12/15 adding a scan of a M&S advert from 1881. I'm not sure what's happened to this building.

    <img src="http://www.vc-mall.com/mall/182/marshallsnelgrove.jpg" alt="worth waiting for">
  20. Noir*Boudoir

    Noir*Boudoir Guest

    Oh... the Harvey Nicks write up I've been promising... Jonathan's posted a new label, so that's galvanised me into action. Also I'm hoping a well-tailored woollen knee-length jacket with what looks like an 80s HN label will still be there when I go back to the thrift tomorrow...

    Jonathan's label c. (what did he say, 1930s?)

    My label, from late 50s poss c.1960 Jean Allen dress:


    <b>Harvey Nichols</b> began as a linen shop opened by Benjamin Harvey in 1813 in Lowndes Terrace, on the corner of Knightsbridge and Sloane Street in south west central London. Benjamin Harvey bequeathed his business to his daughter Elizabeth in 1820, on the condition that the business’s present silk buyer, Colonel Nichols, was taken on as a partner. This partnership gradually widened the store’s stock to include Oriental textiles and furnishings; Harvey Nichols’ carpets were particularly in demand.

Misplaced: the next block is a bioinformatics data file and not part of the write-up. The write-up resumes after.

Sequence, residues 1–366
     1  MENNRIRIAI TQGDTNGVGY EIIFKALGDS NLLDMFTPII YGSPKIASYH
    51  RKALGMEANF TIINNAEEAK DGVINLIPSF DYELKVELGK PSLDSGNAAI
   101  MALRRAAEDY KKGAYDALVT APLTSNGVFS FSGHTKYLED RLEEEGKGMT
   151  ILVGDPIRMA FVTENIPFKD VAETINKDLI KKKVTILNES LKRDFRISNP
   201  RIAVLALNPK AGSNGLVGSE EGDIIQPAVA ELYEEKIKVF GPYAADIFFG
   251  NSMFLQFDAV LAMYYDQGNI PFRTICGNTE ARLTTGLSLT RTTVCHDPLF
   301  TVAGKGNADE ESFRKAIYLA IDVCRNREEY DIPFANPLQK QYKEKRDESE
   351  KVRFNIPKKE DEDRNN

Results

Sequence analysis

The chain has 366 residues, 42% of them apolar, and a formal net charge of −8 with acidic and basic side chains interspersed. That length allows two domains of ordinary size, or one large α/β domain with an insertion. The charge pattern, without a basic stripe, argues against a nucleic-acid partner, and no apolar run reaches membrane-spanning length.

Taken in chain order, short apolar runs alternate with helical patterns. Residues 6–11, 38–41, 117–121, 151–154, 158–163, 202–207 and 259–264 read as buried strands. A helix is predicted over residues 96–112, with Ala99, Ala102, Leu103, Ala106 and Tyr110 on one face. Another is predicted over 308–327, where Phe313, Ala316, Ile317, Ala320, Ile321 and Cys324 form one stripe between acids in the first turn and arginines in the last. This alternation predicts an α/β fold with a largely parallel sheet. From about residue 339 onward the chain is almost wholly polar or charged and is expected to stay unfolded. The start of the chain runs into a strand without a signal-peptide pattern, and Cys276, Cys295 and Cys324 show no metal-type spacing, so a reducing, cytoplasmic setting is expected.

The business flourished in this newly fashionable location, near the original Crystal Palace, which housed the Great Exhibition in 1851. The present splendid premises were opened in the 1880s and extended in 1932. In 1914, a Harvey Nichols advertisement in the Times boasted that their ‘tailor-made suits and mantles are made under the supervision of an expert Viennese cutter and fitter. Perfect style and fit guaranteed.’ But like several other venerable luxury stores in west London, supply difficulties hit their profits during WWI, and they merged with Debenhams Ltd. (q.v.) in 1919.

    Harvey Nichols retained its unique and exclusive character, which has been exploited and amplified by new owners since 1991 (they were listed on the London Stock Exchange in 1996 and large premises, their first regional branches, were opened in Leeds and Edinburgh in 1996 and 2002 respectively). From its own-label tailoring to high-end designer concessions of all varieties, Harvey Nichols has maintained its reputation as purveyor of luxury goods and garments to moneyed gentlefolk (both established and aspiring) everywhere for well over a hundred years.

    sources = HN website + extra details from 'Fine Silks & Oak Counters' Maurice Corina.

Share This Page